2020 has been rough on all of us. It’s hard to focus on tasks. It’s hard to focus, period. And if you’re a small business owner struggling to survive in the era of Covid, it can feel like quicksand. We partnered with R/GA to create an anthem film for Mailchimp that pays respect to the resilient small business owners who are out there fighting through this madness and trying to keep their heads above water.
The anthem film, titled “Momentum”, is Mailchimp’s shout out to the small business community. It celebrates their stick - to - itiveness and their craftiness. It says, “We see you. We respect you.” It tries to inspire them to fight gravity and get back into the creative flow.
The story follows an eclectic cast of small business entrepreneurs who are faced with the daily blessing and curse of our contemporary hellscape: the dreaded ZOOM call. The enemy of momentum. The killer of creative flows. Da da duh.
But Mailchimp is here to tell them there’s hope. It’s going to work out. We’ll get to the other side of this and get back on our creative horse. The ideas will flow again.
The stills campaign was governed by a surrealist quality that the Mailchimpers dubbed “Expert Absurdist.” This visual landscape gave us free reign to run wild and let our own creative flow...well, flow into these fun, engaging illustrations. We hit a slew of small business concepts in these including: Audience, Business Growth, Insight, Momentum, and Email. And we tried to bring a whimsy and sense of humor to the whole enterprise.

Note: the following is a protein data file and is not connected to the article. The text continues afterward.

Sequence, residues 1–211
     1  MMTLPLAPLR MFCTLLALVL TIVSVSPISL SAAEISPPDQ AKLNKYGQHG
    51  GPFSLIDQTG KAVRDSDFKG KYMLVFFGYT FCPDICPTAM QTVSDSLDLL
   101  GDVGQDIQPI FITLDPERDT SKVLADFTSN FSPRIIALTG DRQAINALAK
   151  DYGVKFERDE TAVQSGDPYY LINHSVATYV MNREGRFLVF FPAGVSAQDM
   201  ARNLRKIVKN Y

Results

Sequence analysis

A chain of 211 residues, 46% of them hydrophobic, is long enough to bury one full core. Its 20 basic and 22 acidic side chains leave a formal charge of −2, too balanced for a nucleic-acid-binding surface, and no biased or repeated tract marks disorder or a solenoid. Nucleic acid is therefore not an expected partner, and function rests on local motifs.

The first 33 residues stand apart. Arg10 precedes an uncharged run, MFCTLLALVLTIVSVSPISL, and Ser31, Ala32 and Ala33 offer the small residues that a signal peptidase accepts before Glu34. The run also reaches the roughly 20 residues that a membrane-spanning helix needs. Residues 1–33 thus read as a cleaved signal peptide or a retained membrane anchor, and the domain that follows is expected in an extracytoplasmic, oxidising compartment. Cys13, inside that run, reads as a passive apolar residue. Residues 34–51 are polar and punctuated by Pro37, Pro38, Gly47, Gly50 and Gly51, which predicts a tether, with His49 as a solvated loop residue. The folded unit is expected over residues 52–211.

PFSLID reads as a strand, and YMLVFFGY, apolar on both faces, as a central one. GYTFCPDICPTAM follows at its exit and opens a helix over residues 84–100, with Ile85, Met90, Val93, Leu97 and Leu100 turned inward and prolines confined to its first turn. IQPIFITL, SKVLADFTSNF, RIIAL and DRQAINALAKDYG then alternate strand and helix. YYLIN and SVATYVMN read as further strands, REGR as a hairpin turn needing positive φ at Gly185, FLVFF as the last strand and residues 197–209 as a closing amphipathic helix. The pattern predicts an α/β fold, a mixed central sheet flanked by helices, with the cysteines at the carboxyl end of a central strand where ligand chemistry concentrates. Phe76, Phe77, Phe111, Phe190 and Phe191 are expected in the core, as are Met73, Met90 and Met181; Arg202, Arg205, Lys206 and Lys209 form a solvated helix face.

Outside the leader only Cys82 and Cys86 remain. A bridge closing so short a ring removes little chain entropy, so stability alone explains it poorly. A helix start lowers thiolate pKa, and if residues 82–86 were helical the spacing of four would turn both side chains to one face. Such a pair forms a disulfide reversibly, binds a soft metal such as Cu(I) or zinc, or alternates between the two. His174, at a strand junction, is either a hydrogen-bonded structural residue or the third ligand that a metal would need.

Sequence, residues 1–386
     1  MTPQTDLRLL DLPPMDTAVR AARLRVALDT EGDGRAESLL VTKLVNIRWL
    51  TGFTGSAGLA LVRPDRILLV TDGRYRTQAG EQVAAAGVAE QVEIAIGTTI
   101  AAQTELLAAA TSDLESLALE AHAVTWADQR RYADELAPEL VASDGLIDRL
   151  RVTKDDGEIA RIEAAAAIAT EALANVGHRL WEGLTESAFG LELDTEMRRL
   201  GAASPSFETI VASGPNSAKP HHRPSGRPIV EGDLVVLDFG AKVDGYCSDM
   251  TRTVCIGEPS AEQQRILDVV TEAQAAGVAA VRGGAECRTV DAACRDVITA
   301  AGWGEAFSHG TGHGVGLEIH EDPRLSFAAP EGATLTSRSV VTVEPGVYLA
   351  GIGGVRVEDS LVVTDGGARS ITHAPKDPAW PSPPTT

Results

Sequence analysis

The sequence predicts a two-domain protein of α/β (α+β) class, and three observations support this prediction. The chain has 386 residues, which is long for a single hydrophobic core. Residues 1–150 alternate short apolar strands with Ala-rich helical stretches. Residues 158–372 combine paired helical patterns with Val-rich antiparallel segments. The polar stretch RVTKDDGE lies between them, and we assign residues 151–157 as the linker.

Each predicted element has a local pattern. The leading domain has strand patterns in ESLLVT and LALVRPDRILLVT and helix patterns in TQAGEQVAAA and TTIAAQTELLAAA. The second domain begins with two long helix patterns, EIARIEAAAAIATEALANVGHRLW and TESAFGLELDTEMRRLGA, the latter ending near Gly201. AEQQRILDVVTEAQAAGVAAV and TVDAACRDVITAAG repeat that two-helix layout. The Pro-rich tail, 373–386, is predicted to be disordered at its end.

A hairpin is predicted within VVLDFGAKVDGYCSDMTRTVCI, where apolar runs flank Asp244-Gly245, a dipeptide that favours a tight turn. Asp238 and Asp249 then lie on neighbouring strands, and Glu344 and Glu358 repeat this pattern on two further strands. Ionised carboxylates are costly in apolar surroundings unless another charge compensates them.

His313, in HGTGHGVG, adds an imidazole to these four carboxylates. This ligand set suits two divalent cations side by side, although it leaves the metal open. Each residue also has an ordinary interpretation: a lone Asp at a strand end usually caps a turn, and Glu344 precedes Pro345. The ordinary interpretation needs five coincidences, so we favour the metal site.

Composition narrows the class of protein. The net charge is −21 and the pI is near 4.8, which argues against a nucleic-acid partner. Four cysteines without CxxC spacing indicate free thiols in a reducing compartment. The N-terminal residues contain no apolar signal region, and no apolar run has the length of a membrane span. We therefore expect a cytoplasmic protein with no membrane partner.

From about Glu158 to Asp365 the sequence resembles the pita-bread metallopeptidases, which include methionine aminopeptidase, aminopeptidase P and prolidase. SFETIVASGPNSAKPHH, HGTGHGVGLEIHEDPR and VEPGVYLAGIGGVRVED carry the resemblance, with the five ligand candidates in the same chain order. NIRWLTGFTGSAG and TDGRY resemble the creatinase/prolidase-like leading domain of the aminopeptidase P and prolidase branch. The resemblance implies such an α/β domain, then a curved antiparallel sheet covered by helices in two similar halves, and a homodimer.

The bedrock of this anthem film is portraiture. We wanted small business owners to feel ‘seen’ so we went with straightforward compositions — we are looking them square in the eye and they’re looking back at us. We also wanted these to have an immediacy and a non-precious quality to them so we used a loose style that felt like the doodles we do at the margins when we’re locked into an endless Zoom call.
And.... the dreaded zoom. The true enemy of serene concentration and creative flow. A lot of us have been here, where one’s train of thought is constantly re-routed, interrupted, and derailed.
Process & Exploratory
We didn’t arrive at this drawing style on day one. We took a long, winding, backwater road cluttered with chickens and stray dogs to get to where we ended up in the film. This exploratory process of unprecious, scratchy illustrations led us to some really bold and unexpected places. We just couldn’t help sharing it.
Same dog, different cat face. The exploratory for the stills campaign had its own special flavor to it. Instead of exploring different visual styles and languages, we turned on the “thumbnailing machine 2000”. This strange beast pumped out an array of quirky strange ideas up into the air, each one hoping to stick the landing.